Wang, H., Pexman, P. M., Turner, G., Cortese, F., & Protzner, A. B. (2018). The relation between Scrabble expertise and brain aging as measured with EEG brain signal variability. Neurobiology of Aging, 69, 246-260.

Westbury, C., Hollis, G., Sidhu, D. M., & Pexman, P. M. (2018). Weighing up the evidence for sound symbolism: Distributional properties predict cue strength. Journal of Memory & Language, 99, 122-150.

Zdrazilova, L., Sidhu, D. M., & Pexman, P. M. (2018). Communicating abstract meaning: Concepts revealed in words and gestures. Philosophical Transactions of the Royal Society B. 373: 20170138. link here

Duris, J., Kumpan, T., Duffels, B., Matheson, H. E., Pexman, P. M., & Siakaluk, P. D. (2017). Effects of emotion information on processing pain-related words in visual word recognition. The Mental Lexicon, 12, 283-308.

Glenwright, M., Tapley, B., Rano, J. K. S., & Pexman, P. M. (2017). Developing an appreciation for sarcasm and sarcastic gossip: It depends on perspective. Journal of Speech, Language, and Hearing Research, 60, 3295-3309.

Pexman, P. M., Heard, A., Lloyd, E., & Yap, M. J. (2017). The Calgary semantic decision project: Concrete/abstract decision data for 10,000 English words. Behavior Research Methods, 49, 407-417. link here

Sidhu, D. M., & Pexman, P. M. (2017). A prime example of the Maluma/Takete Effect? Testing for sound-symbolic priming. Cognitive Science, 41, 1958-1987.

van Hees, S., Seyffarth, S., Pexman, P. M., Cortese, F., & Protzner, A. B. (2017). An ERP investigation of vertical reading fluency in Scrabble experts. Brain Research, 1667, 1-10.

Inkster, M., Wellsby, M. B., Lloyd, E., & Pexman, P. M. (2016). Development of embodied word meanings: Sensorimotor effects in children's lexical processing. Frontiers in Psychology. doi: 10.3389/fpsyg.2016.00317. link here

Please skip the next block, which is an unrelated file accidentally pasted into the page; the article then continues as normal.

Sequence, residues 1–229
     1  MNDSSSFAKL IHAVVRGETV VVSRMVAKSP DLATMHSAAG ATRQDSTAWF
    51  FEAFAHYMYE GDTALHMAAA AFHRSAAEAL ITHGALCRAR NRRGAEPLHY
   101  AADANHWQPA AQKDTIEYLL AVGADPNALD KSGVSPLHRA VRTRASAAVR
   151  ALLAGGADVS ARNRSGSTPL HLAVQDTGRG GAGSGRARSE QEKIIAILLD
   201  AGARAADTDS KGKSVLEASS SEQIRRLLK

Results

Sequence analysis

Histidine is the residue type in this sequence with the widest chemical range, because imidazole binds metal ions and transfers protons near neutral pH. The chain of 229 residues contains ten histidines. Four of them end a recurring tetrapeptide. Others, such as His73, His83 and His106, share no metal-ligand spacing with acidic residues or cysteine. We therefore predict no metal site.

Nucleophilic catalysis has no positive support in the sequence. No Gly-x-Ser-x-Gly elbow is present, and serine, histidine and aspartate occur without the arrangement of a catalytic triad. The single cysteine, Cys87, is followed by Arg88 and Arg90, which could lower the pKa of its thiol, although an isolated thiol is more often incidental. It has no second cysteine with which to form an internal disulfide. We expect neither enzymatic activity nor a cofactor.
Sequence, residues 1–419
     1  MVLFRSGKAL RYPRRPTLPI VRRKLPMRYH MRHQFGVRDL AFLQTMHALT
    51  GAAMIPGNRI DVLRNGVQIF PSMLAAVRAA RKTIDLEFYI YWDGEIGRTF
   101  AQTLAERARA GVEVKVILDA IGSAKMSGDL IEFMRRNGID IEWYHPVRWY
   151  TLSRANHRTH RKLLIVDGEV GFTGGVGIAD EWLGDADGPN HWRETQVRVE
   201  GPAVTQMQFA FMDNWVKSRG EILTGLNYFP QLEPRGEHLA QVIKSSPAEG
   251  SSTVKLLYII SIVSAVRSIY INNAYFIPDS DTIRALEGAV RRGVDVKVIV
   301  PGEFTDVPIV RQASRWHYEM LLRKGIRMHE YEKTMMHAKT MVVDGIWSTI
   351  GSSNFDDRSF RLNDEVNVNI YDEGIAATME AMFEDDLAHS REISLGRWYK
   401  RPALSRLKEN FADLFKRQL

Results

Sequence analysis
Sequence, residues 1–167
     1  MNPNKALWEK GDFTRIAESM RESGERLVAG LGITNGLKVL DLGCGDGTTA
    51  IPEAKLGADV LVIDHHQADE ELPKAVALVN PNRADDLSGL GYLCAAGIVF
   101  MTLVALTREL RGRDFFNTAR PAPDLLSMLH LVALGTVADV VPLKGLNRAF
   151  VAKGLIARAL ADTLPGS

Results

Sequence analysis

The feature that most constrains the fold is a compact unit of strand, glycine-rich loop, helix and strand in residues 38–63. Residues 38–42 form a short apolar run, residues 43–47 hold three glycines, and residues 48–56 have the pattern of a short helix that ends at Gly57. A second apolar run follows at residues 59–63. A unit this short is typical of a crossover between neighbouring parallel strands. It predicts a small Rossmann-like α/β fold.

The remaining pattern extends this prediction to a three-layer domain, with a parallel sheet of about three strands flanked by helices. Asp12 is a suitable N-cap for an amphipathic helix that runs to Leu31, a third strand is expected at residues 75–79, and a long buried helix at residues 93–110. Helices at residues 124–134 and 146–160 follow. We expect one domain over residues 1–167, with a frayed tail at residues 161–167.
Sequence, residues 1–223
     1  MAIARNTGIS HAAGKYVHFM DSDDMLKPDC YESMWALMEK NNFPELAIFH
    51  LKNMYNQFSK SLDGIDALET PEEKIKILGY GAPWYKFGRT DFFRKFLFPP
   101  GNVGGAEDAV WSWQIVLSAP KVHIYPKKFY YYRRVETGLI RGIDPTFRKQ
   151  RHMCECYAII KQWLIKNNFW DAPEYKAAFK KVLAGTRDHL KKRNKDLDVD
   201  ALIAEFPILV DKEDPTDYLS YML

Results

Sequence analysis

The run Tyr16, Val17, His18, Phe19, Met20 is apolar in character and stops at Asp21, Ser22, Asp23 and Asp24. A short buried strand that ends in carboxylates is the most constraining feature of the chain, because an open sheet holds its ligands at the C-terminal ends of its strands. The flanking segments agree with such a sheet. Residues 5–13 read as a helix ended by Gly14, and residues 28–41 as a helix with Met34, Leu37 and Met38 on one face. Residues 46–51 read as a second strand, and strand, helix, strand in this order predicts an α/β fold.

Pexman, P. M., & Wellsby, M. B. (2016). Linking hand to mouth: The relationship between manual dexterity and language skills in typically-developing children. Italian Journal of Cognitive Sciences, 1, 75-88.

Protzner, A. B., Hargreaves, I. S., Campbell, J. A., Myers-Stewart, K., van Hees, S., Goodyear, B. G., Sargious, P., & Pexman, P. M. (2016). This is your brain on Scrabble: Neural correlates of visual word recognition in competitive Scrabble players as measured during task and resting-state. Cortex, 75, 204-219. link here

Siakaluk, P. D., Newcombe, P. I., Duffels, B., Li, E., Sidhu, D. M., Yap, M. J., & Pexman, P. M. (2016). Effects of emotional experience in lexical decision. Frontiers in Psychology, doi: 10.3389/fpsyg.2016.01157. link here

Sidhu, D. M., Heard, A., & Pexman, P. M. (2016). Is more always better for verbs? Semantic richness effects and verb meaning. Frontiers in Psychology. doi: 10.3389/fpsyg.2016.00798. link here

Sidhu, D. M., & Pexman, P. M. (2016). Is moving more memorable than proving? Effects of embodiment and imagined enactment on verb memory. Frontiers in Psychology.  doi: 10.3389/fpsyg.2016.01010. link here

Sidhu, D. M., Pexman, P. M., & Saint-Aubin, J. (2016). From the Bob/Kirk effect to the Benoit/Éric effect: Testing the mechanism of name sound symbolism in two languages. Acta Psychologica, 169, 88-99.

van Hees, S., Pexman, P. M., Hargreaves, I., Zdrazilova, L., Hart, J. M., Myers-Stewart, K., Cortese, F., & Protzner, A. B. (2016). Testing the limits of skill transfer for Scrabble experts in behaviour and brain. Frontiers in Human Neuroscience. doi: 10.3389/fnhum.2016.00564. link here

Yap, M. J., & Pexman, P. M. (2016). Semantic richness effects in syntactic classification: The role of feedback. Frontiers in Psychology.  doi: 10.3389/fpsyg.2016.01394. link here

Yap, M. J., Lim, G. Y., & Pexman, P. M. (2015). Semantic richness effects in lexical decision: The role of feedback. Memory & Cognition, 43, 1148-1167.

Phillips, C. I., & Pexman, P. M. (2015). When do children understand "opposite"? Journal of Speech, Language, and Hearing Research, 58, 1233-1244.

Sidhu, D. M., & Pexman, P. M. (2015). What's in a name? Sound symbolism and gender in first names. PLOS ONE. doi: 10.1371/journal.pone.0126809. link here

Rostad, K. R., & Pexman, P. M. (2015). Preschool-aged children recognize ambivalence: Emerging identification of concurrent conflicting desires. Frontiers in Developmental Psychology. doi: 10.3389/fpsyg.2015.00425. link here

Moffat, M., Siakaluk, P. D., Sidhu, D., & Pexman, P. M. (2015). Situated conceptualization and semantic processing: Effects of emotional experience and context availability in semantic categorization and naming tasks. Psychonomic Bulletin & Review, 22, 408-419.

Siakaluk, P. D., Knol, N., & Pexman, P. M. (2014). Effects of emotional experience for abstract words in the Stroop task. Cognitive Science, 38, 1698-1717.

Taikh, A., Hargreaves, I. S., Yap, M., & Pexman, P. M. (2014). Semantic classification of pictures and words. Quarterly Journal of Experimental Psychology.  doi: 10.1080/17470218.2014.975728